Guerrilla Intelligence Find the Decision Maker

Be sure you understand the client's buying process. The real buyer of services may have delegated the discovery work to nondecision makers who don't fully understand the project's objectives and risks. It might be a member of the procurement department or a committee. Procurement and selection committee members may lack the authority to make a decision, but they often have veto power over candidates.

Meet and discuss the project with the decision maker so you can prepare the most responsive proposal for the project. Tread lightly, though, and reach the decision maker through those involved in the selection process. If you alienate them by going over their heads, you could find yourself out of the competition.

process for selecting consultants rarely exists. So ask the client who will select the consultant what criteria will be used, and if a deadline has been set for making the decision. From the answers, you'll know instinctively whether a selection process exists. If it doesn't, suggest one or more workable approaches.

6. Does the client have an incumbent consultant who is bidding on the project? Incumbents often have preferred status with clients for new projects, and you must know what you are up against. That doesn't mean you should pass on the project, but it could change your tactics.

7. Is your firm interested in the work? Ask yourself if the proposed project would be challenging and valuable for your firm. Identify the benefits the firm would receive in addition to fees. They could include building new client relationships, enhancing the consultants' skills, entering a new service area, or working with experts in a particular specialty.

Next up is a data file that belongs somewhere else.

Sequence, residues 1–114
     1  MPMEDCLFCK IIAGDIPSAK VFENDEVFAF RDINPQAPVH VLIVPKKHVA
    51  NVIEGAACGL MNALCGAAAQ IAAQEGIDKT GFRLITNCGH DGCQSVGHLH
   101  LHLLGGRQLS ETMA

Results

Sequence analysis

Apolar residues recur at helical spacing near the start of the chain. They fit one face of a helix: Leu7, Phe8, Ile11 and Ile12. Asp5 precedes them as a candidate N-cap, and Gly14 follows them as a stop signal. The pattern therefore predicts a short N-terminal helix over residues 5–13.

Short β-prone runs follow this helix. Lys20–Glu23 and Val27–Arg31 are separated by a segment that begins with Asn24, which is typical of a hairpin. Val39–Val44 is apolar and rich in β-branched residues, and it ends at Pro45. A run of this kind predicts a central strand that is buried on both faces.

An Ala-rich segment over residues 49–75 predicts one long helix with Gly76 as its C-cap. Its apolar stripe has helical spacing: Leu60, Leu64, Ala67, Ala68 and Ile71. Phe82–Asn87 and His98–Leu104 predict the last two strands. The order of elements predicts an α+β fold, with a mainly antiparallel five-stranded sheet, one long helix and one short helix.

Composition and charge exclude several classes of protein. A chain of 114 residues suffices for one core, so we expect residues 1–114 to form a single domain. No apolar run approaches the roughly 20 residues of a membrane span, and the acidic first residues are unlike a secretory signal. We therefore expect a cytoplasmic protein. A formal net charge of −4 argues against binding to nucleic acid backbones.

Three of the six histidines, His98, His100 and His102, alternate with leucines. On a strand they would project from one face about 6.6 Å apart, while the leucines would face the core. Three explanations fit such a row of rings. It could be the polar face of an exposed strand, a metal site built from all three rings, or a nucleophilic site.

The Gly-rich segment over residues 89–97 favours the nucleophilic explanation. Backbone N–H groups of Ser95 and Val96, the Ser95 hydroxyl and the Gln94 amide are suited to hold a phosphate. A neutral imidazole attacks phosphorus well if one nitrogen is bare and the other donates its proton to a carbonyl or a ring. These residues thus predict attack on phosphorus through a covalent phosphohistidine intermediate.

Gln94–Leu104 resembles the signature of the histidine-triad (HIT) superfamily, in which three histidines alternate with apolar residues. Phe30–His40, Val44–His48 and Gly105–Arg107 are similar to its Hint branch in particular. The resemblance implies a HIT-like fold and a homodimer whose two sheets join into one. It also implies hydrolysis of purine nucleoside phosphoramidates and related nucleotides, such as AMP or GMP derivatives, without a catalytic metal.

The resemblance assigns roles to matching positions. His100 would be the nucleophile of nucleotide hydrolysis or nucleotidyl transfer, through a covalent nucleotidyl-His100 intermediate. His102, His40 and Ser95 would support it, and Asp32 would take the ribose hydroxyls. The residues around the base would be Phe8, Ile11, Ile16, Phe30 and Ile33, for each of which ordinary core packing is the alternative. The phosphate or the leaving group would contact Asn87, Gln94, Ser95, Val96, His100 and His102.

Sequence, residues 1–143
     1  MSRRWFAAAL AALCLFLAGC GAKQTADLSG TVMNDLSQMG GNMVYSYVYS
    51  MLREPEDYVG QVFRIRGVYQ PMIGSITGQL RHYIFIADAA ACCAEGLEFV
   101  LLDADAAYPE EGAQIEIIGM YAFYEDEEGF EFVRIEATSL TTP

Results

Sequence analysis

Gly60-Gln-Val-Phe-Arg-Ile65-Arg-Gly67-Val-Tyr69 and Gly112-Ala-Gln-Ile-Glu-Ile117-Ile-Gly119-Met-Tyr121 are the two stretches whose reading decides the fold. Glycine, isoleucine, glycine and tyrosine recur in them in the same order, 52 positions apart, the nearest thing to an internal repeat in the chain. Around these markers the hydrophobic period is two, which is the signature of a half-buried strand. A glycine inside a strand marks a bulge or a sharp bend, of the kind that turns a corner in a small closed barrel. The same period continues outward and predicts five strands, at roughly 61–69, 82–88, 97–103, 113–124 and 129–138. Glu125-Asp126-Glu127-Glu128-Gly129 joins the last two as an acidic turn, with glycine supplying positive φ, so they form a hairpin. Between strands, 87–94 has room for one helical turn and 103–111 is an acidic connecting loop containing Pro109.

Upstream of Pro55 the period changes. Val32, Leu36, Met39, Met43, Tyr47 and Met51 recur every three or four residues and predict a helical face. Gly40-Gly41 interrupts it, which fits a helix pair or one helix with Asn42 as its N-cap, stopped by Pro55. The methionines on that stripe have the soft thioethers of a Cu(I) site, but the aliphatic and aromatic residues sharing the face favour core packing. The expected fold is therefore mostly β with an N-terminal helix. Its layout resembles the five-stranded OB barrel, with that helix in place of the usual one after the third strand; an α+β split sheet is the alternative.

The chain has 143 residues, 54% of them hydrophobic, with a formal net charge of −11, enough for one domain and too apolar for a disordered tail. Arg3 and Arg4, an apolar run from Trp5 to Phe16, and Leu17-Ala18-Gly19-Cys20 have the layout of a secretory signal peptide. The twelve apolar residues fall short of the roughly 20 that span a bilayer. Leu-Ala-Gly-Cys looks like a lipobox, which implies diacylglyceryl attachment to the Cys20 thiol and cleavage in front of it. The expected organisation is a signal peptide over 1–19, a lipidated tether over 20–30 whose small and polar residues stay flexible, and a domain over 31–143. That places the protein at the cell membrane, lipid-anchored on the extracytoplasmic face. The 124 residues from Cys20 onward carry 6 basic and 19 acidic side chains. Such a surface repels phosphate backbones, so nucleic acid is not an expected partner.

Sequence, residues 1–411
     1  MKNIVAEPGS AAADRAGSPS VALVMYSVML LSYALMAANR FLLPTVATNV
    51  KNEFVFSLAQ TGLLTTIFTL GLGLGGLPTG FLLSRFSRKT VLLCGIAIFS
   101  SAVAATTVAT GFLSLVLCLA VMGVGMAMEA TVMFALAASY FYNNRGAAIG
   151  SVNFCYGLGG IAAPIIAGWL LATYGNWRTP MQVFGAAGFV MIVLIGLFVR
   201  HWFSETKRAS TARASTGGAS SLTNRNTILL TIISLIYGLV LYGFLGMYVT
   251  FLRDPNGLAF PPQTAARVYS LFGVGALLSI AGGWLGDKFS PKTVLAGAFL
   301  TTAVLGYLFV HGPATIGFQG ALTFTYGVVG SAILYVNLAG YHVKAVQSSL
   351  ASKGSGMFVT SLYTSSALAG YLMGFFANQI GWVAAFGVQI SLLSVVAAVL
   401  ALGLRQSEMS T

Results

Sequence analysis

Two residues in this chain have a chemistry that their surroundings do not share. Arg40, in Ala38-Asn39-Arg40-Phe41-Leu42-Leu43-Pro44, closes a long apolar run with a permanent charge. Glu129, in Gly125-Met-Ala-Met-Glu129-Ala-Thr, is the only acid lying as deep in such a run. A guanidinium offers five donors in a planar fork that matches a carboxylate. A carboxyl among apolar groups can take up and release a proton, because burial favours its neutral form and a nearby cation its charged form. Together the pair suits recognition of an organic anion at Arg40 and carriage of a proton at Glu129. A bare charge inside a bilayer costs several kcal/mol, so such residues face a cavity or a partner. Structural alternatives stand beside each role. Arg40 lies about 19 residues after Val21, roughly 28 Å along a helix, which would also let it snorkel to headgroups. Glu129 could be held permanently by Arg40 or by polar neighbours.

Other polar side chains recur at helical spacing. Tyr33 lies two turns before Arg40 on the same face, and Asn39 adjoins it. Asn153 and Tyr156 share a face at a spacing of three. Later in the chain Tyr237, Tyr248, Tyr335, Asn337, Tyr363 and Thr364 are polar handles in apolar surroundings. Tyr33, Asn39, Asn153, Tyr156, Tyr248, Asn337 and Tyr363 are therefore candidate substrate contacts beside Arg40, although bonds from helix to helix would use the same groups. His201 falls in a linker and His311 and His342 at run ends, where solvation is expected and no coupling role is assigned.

8. What are the potential opportunity costs? When consultants pursue leads, they often forgo other projects. Perhaps you won't be able to work on a proposal for another client, develop a new service, or take a vacation. Though opportunity costs can be difficult to quantify or predict without a crystal ball, assess the possibilities and carefully weigh them before you begin the sales process.

9. Why did the client call you? Often, this is the most revealing question you can ask. The answer can tell you what the client thinks of your firm and if you're being considered to round out a field of candidates or because of some obligation. If the

0 0

Post a comment